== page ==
For those of us at the Georgia Center for the Book, 2011 has been a very rewarding year. We’ve grateful to everyone who has supported our programs around the state, and we promise we’ll do all we can to bring you more interesting, informative and entertaining events during the coming year. We invite you to check out our schedule online at this site. and, most importantly, we wish you all a very Happy New Year!
Archive for December, 2011
Warning: This is not the usual literary blog that follows in this space. Please consider it, instead, something of a holiday caution/advisory for air travelers. A few years back I used to write a regular travel column, and the airlines frequently were the topics of interest. Most of the columns devoted to that subject ended with this piece of counsel: the airlines are not your friends. No matter what they claim, they are not your friends. Proceed accordingly.
This topic comes to mind once again in the turbulent wake a couple of recent flights, in which most of the ways that airlines demonstrate their unfriendliness were all too plainly visible. Readers should be aware, however, that what is coming does pertain to airline customers, like me, who fly as cheaply as possible, and who therefore suffer the most consequences. Those who can afford higher priced tickets and upgrades may well be excused from the discussion.
Dissatisfaction begins, of course, with advertisements in print and on television that emphasize the millions of dollars airlines are putting into improving their in-flight relationships with customers: flat-bed seats, chef-prepared meals, plenty of baggage space, etc. Those improvements will not be part of the economy class experience, though. There, planes with 2-3 seating across have been abandoned in favor of those seating 3-3 across for domestic flights, narrowing the roominess options and enabling the airlines to cram more people into ever-tighter places.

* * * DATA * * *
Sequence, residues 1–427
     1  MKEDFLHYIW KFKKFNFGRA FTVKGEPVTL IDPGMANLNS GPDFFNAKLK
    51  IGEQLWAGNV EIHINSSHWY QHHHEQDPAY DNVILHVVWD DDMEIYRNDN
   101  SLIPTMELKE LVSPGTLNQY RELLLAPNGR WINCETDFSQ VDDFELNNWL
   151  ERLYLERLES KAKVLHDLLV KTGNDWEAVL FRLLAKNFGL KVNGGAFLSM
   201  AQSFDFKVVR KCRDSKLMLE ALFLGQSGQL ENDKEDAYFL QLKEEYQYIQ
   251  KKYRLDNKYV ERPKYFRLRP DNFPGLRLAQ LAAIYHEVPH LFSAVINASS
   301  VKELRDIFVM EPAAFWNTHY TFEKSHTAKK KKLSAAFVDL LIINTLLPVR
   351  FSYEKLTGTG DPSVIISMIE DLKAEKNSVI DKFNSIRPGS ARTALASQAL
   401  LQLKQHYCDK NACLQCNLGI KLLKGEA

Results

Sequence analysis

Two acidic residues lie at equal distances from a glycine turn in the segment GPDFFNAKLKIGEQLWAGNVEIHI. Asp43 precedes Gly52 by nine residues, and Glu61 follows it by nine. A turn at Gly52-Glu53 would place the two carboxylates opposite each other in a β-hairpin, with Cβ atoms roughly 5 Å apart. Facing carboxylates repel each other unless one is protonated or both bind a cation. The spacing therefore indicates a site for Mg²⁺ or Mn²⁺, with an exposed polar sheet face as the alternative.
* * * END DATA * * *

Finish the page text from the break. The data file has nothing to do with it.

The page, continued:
What about your carry-on luggage? Well the numbers of carry-ons carried on has multiplied many times since the airlines began charging for checked luggage. There is a modest amount of additional space in overhead bins, but not nearly enough to come close to taking care of what we bring on board now. On my flights, customers dragged bags the size of refrigerators on board without a negative word from airline gate agents. Whatever happened to limiting the size of carry-ons? One airline now charges for carry-ons; it could become a trend (especially if others charge by the pound).
“Safety is our first concern,” tout the airlines. Good thing, because service is pretty much gone these days in our long, narrow coach sections. Meals have disappeared, snacks are paid for, and getting your soft drinks and peanuts can take an hour or more on a crowded flight (and they’re all crowded). I’m mostly sympathetic to flight attendants; they’re called on to do way too much for too many in too short a time. And safety is their first concern.
Ever look at a flight schedule recently? A flight from Atlanta to New York carries a flight time of about one hour and 45 minutes. Your schedule probably lists it as requiring two hours and 45 minutes. That’s designed to take into account airport congestion and prevent a late arrival, which can make the airline look bad. And this is happening with airlines having cut back on their flights to save money, a corporate-smart thing to do, not least because it enables CEO’s and top administrative types to be assured to large annual salary increases at the expense of most airline workers who get little or no increases each year. But I digress …..